While we all wish that going to work was a pleasant experience, at some point you may have to deal with a less than cheerful coworker. Although the Civil Rights Act passed some time ago, there are still some employees that didn’t get the memo. These same people seem intent on dimming the sunshine streaming into your cubicle. If you find yourself face to face with a racist coworker, there are ways to deal with them that won’t bring you to their level.
Believe it or not, some people may not know that their actions are being viewed as racist by other employees. This is sometimes the case with employees who insist on telling tasteless jokes, or teasing coworkers using racial stereotypes. For example, the employee who says “you probably enjoyed the picnic, they had lots of watermelon and fried chicken for you people”. If you consistently ignore them or wave it away, you are silently condoning the behavior. Find a moment alone with them and let them know that you find their remarks offensive. They may be embarrassed or admit that they really hadn’t thought of it as racist.
Keep A Log
If the coworker fails to cease and desist after your polite request to stop the behavior, start taking notes. Keep a journal of the dates and times of each incident. Also note if there were other coworkers around to witness the behavior. In the case of racist notes or emails being sent to you, keep each of them. Print out the emails and keep them in a folder along with any notes or paraphernalia that comes from the offender. Don’t forget to take pictures in the case of petty vandalism to your cubicle, office or car.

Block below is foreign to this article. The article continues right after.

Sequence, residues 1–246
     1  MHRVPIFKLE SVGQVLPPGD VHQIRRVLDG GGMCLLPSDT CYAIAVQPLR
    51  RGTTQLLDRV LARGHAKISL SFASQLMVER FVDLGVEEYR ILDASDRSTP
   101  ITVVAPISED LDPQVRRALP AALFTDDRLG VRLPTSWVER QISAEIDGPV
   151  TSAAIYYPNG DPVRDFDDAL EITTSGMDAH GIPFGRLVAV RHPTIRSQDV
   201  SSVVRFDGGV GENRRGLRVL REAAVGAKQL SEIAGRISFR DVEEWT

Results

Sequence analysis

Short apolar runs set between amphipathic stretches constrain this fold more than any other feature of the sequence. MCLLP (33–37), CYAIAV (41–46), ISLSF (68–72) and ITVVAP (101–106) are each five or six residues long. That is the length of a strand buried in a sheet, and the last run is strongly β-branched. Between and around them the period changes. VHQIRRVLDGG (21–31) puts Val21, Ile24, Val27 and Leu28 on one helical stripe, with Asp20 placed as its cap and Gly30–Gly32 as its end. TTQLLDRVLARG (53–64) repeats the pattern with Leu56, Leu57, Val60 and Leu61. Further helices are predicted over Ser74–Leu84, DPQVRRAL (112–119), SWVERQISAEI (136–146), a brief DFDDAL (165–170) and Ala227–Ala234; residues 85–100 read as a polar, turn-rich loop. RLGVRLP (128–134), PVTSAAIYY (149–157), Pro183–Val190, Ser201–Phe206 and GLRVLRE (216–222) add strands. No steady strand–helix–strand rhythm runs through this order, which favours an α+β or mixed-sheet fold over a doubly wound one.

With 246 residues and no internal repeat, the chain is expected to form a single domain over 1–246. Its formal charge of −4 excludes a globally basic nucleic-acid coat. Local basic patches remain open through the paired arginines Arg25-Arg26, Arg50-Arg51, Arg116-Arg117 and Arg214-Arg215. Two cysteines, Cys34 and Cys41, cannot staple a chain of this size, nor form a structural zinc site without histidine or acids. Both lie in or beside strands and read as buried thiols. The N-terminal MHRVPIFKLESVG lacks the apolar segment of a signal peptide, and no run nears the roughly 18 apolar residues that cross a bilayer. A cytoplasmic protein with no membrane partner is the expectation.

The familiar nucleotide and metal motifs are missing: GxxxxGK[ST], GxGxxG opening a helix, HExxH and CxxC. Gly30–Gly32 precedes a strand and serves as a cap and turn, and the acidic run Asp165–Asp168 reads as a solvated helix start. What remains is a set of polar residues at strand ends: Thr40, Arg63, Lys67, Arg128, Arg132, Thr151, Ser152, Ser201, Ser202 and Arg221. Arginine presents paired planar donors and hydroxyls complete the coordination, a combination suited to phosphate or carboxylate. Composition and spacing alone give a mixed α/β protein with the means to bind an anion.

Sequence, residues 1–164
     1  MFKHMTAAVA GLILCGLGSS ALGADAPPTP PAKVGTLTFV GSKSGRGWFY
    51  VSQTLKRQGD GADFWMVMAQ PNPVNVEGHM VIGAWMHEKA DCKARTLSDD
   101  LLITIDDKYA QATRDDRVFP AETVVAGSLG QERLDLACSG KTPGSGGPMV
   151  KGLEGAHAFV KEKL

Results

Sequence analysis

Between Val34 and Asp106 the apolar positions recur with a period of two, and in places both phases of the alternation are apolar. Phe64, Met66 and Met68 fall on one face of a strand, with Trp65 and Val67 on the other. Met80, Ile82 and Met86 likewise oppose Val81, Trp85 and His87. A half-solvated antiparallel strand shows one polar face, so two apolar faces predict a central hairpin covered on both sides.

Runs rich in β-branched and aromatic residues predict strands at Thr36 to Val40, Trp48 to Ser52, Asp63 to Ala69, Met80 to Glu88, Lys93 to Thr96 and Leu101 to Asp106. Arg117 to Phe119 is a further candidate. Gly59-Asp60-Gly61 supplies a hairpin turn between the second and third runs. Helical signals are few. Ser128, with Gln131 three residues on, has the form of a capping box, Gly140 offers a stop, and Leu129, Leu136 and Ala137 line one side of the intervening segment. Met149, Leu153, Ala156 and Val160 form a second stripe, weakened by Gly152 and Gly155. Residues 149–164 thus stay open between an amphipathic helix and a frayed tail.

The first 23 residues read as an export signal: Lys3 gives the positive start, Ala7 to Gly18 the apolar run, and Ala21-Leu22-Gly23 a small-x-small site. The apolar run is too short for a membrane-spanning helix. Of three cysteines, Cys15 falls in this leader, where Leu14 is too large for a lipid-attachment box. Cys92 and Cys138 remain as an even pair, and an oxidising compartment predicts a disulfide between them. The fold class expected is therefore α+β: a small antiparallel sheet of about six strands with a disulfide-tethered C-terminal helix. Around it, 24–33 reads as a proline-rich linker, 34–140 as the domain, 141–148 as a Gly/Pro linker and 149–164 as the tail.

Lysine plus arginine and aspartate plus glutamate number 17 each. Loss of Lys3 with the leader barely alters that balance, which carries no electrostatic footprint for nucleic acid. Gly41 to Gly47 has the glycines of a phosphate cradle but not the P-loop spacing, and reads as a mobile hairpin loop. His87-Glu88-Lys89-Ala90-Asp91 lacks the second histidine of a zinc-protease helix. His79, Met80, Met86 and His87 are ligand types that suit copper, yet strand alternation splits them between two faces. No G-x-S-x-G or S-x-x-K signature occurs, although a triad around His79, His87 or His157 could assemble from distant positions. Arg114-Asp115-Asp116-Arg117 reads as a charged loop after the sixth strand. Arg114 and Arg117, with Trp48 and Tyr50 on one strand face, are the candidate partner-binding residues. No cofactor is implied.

Read your employee manual to see if it addresses harassment issues and steps that the employee should take. Definitely report the incidents to your immediate supervisor. He may or may not take you to the Human Resources Office to file a formal complaint, each company is different. Give your supervisor some time to talk to the employee. If nothing happens after a week or so, report the incidents to human resources yourself, be sure to give them copies of your documentation of the incidents. The lack of response from both your supervisor and human resources should prompt you to contact the EEOC (Equal Employment Opportunity Commission). The EEOC website has toll free numbers that you can call for help and support.
Speaking of support, it is important to surround yourself with supportive people while dealing with a racist coworker. Talk to fellow coworkers who may be experiencing the same thing. There is power and safety in numbers. Check and see if your company offers an Employee Assistance Program (EAP) that offers confidential services at no charge. They will listen and help you figure out a plan to deal with the wayward coworker. The nice thing is that most EAPs are offered through third party providers so your conversations are confidential. Do not fear reporting a coworkers action to the EEOC. Legally an employee cannot be fired, or retaliated against for filing a report to the EEOC.
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